Taking over the reins, temporarily, from Mendes is board member Rick Wolford, former CEO of San Francisco's Del Monte Foods.
"He's very well respected by bankers, and not afraid to tell them the unvarnished truth" about what has been going on inside the company, said Ramey in an interview Friday. Ramey covers Diamond Foods and is more bullish on the company's prospects than many other analysts in the wake of last week's bombshells.
"There's nothing broken with the business," he said, pointing to the otherwise strong sales and profit performance of the company. Pop Secret and Kettle, he believes, are now worth far more than the $800 million Mendes paid for them.
As for the hole left by the hard-charging Mendes, Ramey added, "no doubt he was critical, in many ways a visionary. He had some flaws. He may have been too aggressive, too ambitious - with the benefit of hindsight. But there's no reason why someone else can't step into the role and do just as good a job."
The only comment I got from Diamond Foods was a statement from Wolford from the public relations firms Sard Verbinnen, "I look forward to contributing to Diamond's progress during this period of transition and, importantly, to continuing to build a successful future."
Good Post! Over aggressive management, especially to pick up Pringles (do what ever it takes). This is the kind of management I would want running my company.Everything was being included just in the wrong quarters.
as i said teh 800 million for the chips and popcorn, which accounts for app. 50 million in sales , means there is still a nits business that generates about 800 million in revenues and that would fetch as much as 1- 1.5 billion .. so u are talking baout 1.3 - 1.8 billion net in abreak up of 55- 70 dollars.. discount it all u want for its so called problems ahead and u still have agreat opurrtunity!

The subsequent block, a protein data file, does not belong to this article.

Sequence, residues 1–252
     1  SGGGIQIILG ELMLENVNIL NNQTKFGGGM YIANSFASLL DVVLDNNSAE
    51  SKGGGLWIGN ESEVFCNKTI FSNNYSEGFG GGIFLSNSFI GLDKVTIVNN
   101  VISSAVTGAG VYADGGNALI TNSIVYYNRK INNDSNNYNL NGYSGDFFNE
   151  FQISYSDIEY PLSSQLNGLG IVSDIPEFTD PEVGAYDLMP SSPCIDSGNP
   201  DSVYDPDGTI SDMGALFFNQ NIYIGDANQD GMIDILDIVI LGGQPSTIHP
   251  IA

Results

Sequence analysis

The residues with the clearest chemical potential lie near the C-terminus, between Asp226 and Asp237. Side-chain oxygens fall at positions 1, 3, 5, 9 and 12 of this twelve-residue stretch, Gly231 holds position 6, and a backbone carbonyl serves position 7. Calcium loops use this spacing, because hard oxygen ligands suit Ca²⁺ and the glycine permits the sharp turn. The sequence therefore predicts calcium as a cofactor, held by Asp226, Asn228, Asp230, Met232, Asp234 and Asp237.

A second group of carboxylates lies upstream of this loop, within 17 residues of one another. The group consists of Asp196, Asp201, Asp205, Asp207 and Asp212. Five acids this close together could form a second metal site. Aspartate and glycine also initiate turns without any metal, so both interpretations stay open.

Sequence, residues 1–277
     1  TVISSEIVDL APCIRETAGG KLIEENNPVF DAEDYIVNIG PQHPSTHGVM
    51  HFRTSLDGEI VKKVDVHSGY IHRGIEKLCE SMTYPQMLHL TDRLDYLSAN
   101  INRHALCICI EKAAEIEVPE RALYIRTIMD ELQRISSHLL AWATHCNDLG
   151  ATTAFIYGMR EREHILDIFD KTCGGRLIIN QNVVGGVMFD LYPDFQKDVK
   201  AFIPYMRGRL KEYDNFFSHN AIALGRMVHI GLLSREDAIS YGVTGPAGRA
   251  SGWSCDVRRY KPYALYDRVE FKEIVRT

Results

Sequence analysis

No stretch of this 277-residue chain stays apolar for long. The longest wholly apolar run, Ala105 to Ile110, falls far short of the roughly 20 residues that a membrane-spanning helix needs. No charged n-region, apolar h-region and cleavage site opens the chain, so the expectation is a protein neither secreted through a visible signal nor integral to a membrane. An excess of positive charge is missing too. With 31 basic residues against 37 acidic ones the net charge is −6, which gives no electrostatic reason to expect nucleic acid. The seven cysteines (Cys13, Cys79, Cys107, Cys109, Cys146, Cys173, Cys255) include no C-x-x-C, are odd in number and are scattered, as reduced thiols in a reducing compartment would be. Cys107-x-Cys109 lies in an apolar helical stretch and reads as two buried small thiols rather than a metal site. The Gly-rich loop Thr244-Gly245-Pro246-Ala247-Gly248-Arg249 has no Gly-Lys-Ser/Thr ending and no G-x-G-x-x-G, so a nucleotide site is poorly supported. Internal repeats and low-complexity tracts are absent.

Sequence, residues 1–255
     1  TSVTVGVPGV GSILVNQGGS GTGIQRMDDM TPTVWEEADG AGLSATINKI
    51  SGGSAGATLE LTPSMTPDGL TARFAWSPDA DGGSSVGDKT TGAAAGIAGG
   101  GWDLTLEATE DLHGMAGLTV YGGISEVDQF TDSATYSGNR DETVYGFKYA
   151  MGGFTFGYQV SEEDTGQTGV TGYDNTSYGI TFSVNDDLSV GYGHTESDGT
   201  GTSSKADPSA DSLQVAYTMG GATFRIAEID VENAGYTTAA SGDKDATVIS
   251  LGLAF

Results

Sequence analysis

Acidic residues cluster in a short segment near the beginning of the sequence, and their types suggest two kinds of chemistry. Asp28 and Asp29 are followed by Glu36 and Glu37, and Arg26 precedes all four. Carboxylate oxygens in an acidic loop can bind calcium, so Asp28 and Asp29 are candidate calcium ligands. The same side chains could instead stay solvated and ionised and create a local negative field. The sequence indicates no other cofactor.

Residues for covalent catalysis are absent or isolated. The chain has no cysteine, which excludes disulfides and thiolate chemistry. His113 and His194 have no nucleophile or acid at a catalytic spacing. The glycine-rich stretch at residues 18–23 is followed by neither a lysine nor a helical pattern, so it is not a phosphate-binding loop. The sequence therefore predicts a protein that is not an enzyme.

Most of Diamond’s 1,700 walnut growers are family farmers with orchards in the heartland of California’s Central Valley. Their association with Diamond guarantees a market for their crops and provides the company with high quality walnuts — the “hero” nut of the Diamond and Emerald product lines. Diamond provides information and resources to help growers to produce the best nuts in the world.
Approximately 50 percent of the California walnut crop passes through the doors of the Stockton plant each year, the largest and most technologically advanced such plant in the world.
Diamond facilities in Alabama and Indiana process Brazil nuts from the Amazon, along with top-quality in-the-shell walnuts and almonds from California, hazelnuts from Oregon, and pecans from the southeastern United States. In addition, Diamond has four seasonal receiving facilities in California: Live Oak, Linden, Modesto and Visalia.
The Audit Committee has concluded that the Company's financial statements for the fiscal years 2010 and 2011 will need to be restated. Over the course of the last three months, the Audit Committee has carefully reviewed the accounting treatment of certain payments to walnut growers. The Audit Committee has concluded that a "continuity" payment made to growers in August 2010 of approximately $20 million and a "momentum" payment made to growers in September 2011 of approximately $60 million were not accounted for in the correct periods, and the Audit Committee identified material weaknesses in the Company's internal control over financial reporting.
"After an extensive and thorough investigation, the Audit Committee concluded that the Company's internal controls were inadequate and that certain grower payments for the 2011 and 2010 crops were not accounted for in the correct periods. As a result, the Company will restate its fiscal years 2010 and 2011 financial statements," said Robert Zollars, Diamond Foods' Chairman. "The Board takes the Company's control and the integrity of its financial statements very seriously, and we are moving aggressively to implement corrective measures, including changes to the Company's leadership."
"I look forward to working with the management team and the terrific employees at Diamond and will be focused on moving the business forward, further driving Diamond's strong brands and helping to find a permanent chief executive," said Rick Wolford, Acting President and Chief Executive Officer.
Diamond is working diligently to complete financial restatements for the affected periods and will file all required reports with the U.S. Securities and Exchange Commission as soon as possible. While the timing of the restatement is difficult to predict at this time, the Company will endeavor to provide updates on timing and other material developments.